Eastern Six-lined Racerunner
Aspidoscelis sexlineata sexlineata

Common Name:

Eastern Six-lined Racerunner

Scientific Name:

Aspidoscelis sexlineata sexlineata





sexlineata consist of two Latin words sex meaning "six" and lineata meaning "of a line". This refers to the six light longitudinal lines found on the dorsum.


sexlineata consist of two Latin words sex meaning "six" and lineata meaning "of a line". This refers to the six light longitudinal lines found on the dorsum.

Average Length:

6 - 9.5 in. (15.2 - 24.1 cm)

Virginia Record Length:

9.7 in. (24.7 cm)

Record length:

9.7 in. (24.7 cm)

Systematics: Described originally as Lacerta 6-lineata (= sex- lineata) by Carolus Linnaeus in 1766, based on a specimen sent to him by Alexander Garden from "Carolina." Schmidt (1953) restricted the type locality to Charleston, South Carolina. Dumeril and Bibron (1839) first used the genus Cnemidophorus for this lizard. Hoffman (1957a) described A. sexlineatus oligoporus based on specimens he collected from Alleghany County, Virginia, and elsewhere, but had to change the name to A. s. pauciporus (Hoffman, 1957b) because oligoporus was already in use. Duellman and Zweifel (1962) discovered that the variation described by Hoffman for the new subspecies was found in other parts of the range and relegated the name to junior synonym status. Taxonomy for Aspidoscelis follows Maslin and Secoy (1986, Contrib. Zool. Univ. Colorado Mus. 1: 1–60) and Wright (1993, in J. W. Wright and L. J. Vitt [eds.], Biology of Whiptail Lizards [Genus Cnemidophorus], Oklahoma Mus. Nat. Hist., Pp. 27–81).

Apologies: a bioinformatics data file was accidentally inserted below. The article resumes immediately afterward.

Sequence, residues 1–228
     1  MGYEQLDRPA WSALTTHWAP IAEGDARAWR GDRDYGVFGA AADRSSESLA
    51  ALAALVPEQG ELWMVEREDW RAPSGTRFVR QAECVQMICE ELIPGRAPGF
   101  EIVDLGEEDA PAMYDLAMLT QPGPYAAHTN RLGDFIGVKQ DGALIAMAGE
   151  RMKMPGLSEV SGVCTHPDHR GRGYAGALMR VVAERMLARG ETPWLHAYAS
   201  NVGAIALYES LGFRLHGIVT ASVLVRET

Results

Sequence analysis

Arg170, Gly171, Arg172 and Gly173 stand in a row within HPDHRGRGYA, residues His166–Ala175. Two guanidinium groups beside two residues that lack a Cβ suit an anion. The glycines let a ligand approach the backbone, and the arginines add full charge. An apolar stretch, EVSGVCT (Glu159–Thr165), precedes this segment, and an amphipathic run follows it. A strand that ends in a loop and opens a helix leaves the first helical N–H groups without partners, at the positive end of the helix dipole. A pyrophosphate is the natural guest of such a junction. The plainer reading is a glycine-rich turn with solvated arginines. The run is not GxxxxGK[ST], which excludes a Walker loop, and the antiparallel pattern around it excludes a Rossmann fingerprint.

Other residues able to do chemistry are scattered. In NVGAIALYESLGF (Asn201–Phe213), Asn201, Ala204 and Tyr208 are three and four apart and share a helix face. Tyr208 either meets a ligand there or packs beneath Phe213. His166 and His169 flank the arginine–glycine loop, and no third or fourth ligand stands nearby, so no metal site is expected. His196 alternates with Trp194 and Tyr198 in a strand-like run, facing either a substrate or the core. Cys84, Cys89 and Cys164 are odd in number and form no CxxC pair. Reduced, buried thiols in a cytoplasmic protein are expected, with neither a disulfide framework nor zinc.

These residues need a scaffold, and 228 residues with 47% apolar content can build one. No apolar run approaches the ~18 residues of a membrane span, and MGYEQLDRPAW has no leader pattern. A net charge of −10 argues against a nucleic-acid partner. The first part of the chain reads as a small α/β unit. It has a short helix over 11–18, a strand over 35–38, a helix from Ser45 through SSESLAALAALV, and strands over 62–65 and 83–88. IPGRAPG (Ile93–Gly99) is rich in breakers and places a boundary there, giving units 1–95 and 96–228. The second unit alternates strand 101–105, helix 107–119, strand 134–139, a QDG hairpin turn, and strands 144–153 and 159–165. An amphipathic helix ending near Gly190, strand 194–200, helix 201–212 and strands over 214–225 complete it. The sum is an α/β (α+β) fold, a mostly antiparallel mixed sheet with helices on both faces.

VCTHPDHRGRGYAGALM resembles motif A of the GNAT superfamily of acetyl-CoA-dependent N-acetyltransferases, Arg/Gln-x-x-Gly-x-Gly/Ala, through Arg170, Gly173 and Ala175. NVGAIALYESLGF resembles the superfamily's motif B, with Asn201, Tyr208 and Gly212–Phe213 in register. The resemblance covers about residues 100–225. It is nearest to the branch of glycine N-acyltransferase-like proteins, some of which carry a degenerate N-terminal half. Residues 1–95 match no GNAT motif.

Description: A moderate-sized lizard with a pointed snout reaching a maximum snout-vent length (SVL) of 75 mm (3.0 inches) and a total length of 241 mm (9.5 inches) (Conant and Collins, 1991). In Virginia, maximum known SVL is 76 mm (3.0 inches) and maximum total length is 247 mm (9.7 inches). Tail length in the Virginia sample was 63.3-78.6% (ave. = 68.4 ± 2.3, n = 82) of total length.

Scutellation: Dorsal scales granular, not shiny, and nonoverlapping; ventral scales (= plates) rectangular and in 8 longitudinal rows; ventral plates in mid ventral row 29-36 (ave. = 32.7 ± 1.4, n = 105); granular scales around midbody (not counting ventral plates) 82-103 (ave. = 93.1 ± 3.9, n = 106); supralabials 7/7 (35.8%, n = 109), 7/8 (31.2%), 8/8 (25.7%), or combinations of 6-9 (7.3%); supranasals absent; rostral separated from frontonasal by paired nasal scales; mental single; postmental 1; femoral pores 23-34 (ave. = 29.7 ± 2.0, n = 108); number of lamellae on right 4th toe 20-31 (ave. = 26.7 ± 2.0, n = 109); scales on tail rectangular, not granular.